The UK’s Weirdest Phobias – What are you afraid of?

Uk's weirdest phobia

Do you have an irrational fear of something?


Do you have a phobia of broccoli?

By Rebecca Sanderson – Director of The Mindset Clinic
11th April 2016

I recently received a call from a lady, lets call her Susan, who wanted help with her phobia of broccoli. Susan would run out of her work canteen if she saw broccoli being served. So intense was her fear that she had to avoid the vegetable section of her local supermarket. When describing her problem on the phone to me she had to say the word broccoli really quickly as it would make her shudder. Seeing an advert on TV or in a magazine would be enough to send Susan into a panic attack and emotional meltdown.

It can be hard for someone who hasn’t experienced a phobia to understand the true fear that grips someone when they have a severe reaction. The embarrassment of being afraid of something that other people think of as silly can cause someone with a phobia to start avoiding situations. But phobias defy logical and rational explanation to the person experiencing them.

What is a Phobia?

A phobia is more than a general fear of something. Lots of people dislike spiders, rats, public speaking, heights etc but a phobia can be described as an irrational fear of a specific object or situation that poses no real threat. Many people who suffer phobias go to great lengths to avoid confronting their fears. When faced with their fear they can experience overwhelming stress, panic attacks, nausea and emotional upset. Sometimes the fear may also be so intense that the person becomes angry and tries to flee the situation.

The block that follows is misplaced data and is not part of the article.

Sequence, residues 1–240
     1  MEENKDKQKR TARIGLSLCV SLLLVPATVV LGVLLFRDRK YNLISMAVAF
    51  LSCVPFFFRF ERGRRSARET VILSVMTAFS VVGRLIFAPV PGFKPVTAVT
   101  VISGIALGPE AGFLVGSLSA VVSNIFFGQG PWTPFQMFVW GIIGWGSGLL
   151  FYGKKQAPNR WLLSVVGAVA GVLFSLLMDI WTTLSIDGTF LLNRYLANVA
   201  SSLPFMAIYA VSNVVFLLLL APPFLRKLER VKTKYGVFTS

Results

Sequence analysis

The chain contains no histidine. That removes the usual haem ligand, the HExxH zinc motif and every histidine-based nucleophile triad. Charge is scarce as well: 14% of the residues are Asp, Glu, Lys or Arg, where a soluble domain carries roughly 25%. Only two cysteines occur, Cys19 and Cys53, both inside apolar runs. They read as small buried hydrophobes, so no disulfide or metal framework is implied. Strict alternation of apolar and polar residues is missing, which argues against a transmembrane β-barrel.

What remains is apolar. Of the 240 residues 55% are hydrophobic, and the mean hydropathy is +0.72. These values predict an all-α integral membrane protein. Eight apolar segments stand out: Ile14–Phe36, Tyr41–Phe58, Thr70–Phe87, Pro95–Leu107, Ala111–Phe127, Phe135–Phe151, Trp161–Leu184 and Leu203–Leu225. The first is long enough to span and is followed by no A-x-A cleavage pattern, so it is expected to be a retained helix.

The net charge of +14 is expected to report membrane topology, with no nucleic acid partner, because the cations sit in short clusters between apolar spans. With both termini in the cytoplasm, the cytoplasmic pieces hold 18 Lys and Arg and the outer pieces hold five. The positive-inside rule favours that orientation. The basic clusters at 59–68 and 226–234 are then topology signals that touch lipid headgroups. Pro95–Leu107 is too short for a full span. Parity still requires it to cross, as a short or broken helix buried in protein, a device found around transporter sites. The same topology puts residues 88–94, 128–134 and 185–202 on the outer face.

How do phobias develop?

Often phobias develop in childhood but they can form later in adult life too. Women are more likely to suffer than men.

Let’s take fear of flying as an example…

  • One day we experience turbulence on a flight which scares us to the point we fear the worst.
  • We develop a bad memory about that flight and then start to associate all flying as dangerous.
  • We then start to take steps to avoid flying.
  • Soon the fear of flying can extend to other areas like fear of enclosed spaces, fear of falling out of the sky, fear of heights.
  • The more scared we become the more we believe that we can’t fly
  • We look for evidence that flying is dangerous and we become super alert to anything that validates this belief – such as news reports.
  • Logic, statistics, explanations of how aeroplane stays up in the air or that flying is the safest form of travel don’t help because once a phobia is in place fear defies logical and rational explanation.

Fear of flying is one of the most common phobias The Mindset Clinic treats. But here is a list of the some of the more uncommon phobias that people around the UK suffer from:-

Omphalophobia – Fear of navels

Omphalophobics are terrified of belly buttons. It could be their own or others. They are scared of touching their navel or other people touching it. Sometimes the sight of a belly button can send them into a panic attack.

Turophobia – Fear of Cheese

Some turophobes are afraid of all cheese whilst others have a fear of particular variety like cheddar or gorgonzola. The fear may develop from a traumatic event where cheese was present. There is a Facebook group for turophobes but beware if you are one – the page has pictures of cheese on it;- perhaps not the best thought out idea!